The ‘Data Tsunami’ That Could Swamp Your Company

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Lots of companies have jumped aboard the “Big Data” bandwagon, throwing millions of dollars at data collection and analytics. Datasets and data warehouses have become truly Brobdingnagian in scope; some of the biggest tech firms are inventing new frameworks and software platforms in order to effectively manage it all.

That rapid expansion, though, could lead to what research firm Gartner refers to as an “information crisis” among the biggest organizations.

“There is an overall lack of maturity when it comes to governing information as an enterprise asset,” Andrew White, a research vice president at Gartner, wrote in a statement accompanying a new research note. “It is likely that a number of organizations, unable to organize themselves effectively for 2020, unwilling to focus on capabilities rather than tools, and not ready to revise their information strategy, will suffer the consequences.”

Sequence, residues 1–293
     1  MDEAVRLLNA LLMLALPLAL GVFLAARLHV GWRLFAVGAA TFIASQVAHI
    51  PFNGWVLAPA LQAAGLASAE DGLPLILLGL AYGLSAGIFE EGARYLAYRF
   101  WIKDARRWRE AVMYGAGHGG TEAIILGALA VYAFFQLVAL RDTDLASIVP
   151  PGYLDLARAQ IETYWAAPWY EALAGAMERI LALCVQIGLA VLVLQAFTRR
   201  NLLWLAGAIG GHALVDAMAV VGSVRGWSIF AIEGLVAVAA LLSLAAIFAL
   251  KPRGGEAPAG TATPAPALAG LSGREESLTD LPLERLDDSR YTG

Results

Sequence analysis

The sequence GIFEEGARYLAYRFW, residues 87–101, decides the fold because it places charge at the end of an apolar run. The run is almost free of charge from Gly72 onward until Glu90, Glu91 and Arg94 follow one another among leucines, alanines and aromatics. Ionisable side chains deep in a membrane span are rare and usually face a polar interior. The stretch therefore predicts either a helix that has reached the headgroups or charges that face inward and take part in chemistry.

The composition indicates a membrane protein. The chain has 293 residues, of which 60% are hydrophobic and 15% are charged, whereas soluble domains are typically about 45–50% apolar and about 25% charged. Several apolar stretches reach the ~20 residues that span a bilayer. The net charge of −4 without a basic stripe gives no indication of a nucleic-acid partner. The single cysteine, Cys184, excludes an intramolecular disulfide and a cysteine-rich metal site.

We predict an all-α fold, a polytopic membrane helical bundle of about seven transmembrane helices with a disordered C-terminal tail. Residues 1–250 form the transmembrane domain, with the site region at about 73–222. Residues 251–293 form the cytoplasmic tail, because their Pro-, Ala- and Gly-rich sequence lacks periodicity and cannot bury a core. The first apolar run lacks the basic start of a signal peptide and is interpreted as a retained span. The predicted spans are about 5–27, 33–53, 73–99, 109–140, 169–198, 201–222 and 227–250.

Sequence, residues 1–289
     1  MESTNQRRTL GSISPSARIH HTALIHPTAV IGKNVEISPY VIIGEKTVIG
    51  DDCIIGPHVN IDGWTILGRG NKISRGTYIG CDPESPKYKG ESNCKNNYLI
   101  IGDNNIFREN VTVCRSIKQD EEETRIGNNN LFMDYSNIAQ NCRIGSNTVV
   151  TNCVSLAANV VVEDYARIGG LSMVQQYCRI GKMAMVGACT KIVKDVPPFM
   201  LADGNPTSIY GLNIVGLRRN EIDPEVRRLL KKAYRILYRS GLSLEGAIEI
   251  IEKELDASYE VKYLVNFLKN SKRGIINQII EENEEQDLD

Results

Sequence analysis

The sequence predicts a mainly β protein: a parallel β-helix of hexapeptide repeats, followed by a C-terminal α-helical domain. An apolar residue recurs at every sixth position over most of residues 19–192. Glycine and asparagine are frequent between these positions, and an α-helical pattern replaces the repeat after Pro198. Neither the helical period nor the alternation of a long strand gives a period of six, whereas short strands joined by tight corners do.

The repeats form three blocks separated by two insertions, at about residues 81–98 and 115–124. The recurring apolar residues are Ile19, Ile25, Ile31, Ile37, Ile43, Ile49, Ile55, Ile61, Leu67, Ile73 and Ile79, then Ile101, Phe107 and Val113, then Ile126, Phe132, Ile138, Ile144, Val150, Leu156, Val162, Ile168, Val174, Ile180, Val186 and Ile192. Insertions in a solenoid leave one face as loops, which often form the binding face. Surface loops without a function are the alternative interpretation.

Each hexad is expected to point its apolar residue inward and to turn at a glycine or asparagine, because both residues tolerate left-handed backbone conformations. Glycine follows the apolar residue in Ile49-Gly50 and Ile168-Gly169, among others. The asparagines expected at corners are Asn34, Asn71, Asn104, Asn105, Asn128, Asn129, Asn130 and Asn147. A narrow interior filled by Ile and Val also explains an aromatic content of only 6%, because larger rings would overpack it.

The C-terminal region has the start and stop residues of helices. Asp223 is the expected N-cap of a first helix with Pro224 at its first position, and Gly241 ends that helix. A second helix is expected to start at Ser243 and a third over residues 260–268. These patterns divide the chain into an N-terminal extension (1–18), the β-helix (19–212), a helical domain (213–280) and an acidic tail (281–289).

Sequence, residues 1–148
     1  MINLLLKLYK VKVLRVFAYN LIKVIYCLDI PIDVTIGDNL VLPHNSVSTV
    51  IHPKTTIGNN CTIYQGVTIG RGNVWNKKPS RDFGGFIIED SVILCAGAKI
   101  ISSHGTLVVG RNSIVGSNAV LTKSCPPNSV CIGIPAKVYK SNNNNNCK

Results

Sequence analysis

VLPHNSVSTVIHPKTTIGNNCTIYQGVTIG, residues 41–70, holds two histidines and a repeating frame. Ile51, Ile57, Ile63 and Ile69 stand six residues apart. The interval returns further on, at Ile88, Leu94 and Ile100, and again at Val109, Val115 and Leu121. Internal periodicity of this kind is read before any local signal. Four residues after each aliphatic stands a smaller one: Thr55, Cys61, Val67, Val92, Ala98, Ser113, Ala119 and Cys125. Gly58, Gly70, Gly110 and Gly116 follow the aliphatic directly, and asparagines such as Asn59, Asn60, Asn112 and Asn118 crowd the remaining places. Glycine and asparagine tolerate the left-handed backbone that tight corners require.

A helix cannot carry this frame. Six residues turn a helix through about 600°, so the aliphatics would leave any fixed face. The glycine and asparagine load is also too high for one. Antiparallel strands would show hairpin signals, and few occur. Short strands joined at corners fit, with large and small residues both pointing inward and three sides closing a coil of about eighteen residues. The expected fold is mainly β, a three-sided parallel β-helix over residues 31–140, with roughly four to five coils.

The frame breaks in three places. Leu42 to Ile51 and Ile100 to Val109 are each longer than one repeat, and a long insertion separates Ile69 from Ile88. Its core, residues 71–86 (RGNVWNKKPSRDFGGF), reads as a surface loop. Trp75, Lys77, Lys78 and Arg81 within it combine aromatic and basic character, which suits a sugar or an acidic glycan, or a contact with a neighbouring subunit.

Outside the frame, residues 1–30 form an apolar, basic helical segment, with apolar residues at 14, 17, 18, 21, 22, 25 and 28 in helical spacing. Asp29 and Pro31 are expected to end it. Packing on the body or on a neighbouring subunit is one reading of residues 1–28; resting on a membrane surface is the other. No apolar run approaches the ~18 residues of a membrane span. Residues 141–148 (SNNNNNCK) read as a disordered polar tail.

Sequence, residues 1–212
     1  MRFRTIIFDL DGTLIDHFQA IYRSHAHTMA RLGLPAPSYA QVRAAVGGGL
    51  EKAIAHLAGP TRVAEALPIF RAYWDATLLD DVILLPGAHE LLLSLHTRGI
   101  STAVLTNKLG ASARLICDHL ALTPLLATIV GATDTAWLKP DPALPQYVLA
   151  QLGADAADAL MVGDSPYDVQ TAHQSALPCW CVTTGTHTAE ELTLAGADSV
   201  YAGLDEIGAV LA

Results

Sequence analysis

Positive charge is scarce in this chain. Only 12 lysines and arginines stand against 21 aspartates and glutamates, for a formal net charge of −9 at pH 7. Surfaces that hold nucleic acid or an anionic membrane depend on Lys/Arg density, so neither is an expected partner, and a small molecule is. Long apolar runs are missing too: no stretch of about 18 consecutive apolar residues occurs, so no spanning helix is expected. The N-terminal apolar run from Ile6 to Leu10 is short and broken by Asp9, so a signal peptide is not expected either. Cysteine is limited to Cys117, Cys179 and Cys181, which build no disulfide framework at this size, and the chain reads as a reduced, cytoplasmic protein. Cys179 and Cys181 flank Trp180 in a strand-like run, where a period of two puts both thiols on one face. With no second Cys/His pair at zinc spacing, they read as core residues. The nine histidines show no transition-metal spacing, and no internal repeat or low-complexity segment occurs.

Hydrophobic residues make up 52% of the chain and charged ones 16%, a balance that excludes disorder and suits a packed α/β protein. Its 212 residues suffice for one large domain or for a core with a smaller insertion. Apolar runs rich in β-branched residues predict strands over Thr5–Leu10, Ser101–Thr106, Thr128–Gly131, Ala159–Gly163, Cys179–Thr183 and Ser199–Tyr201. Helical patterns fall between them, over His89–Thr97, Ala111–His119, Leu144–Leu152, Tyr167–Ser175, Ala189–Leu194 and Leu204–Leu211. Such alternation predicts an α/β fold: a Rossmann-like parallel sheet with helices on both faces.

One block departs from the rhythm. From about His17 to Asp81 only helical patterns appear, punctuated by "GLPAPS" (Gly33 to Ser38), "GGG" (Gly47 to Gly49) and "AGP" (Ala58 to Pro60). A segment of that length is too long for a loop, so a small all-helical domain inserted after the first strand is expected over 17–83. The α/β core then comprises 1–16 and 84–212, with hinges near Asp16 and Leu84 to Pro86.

What sort of consequences? If employees can’t effectively share, manage and reuse data that flows through an organization, the latter risks losing out on strategic opportunities that might emerge; in the worst-case scenarios, that “information blindness” can lead to outright failure, layoffs, and all the other bad stuff that crops up in the Business News section.

In order to prevent such disastrous consequences, Gartner recommends that companies establish a process known as Enterprise Information Management (EIM), which allows for the sharing of data in a systematized way that not only creates some sort of value, but also prevents vital information from slipping through the proverbial cracks. EIM must also be holistic to a whole organization, and look at ways in which employees can link together data from various programs, rather than focusing on how individual silos can improve information management.

This isn’t a new trend, of course: companies have spent the past several years attempting to wrangle their data with the latest and greatest software, including enterprise search and data-discovery tools. But creating a management structure capable of using those tools effectively is a big part of ensuring that data disasters don’t affect one’s company a little bit further down the line.

 

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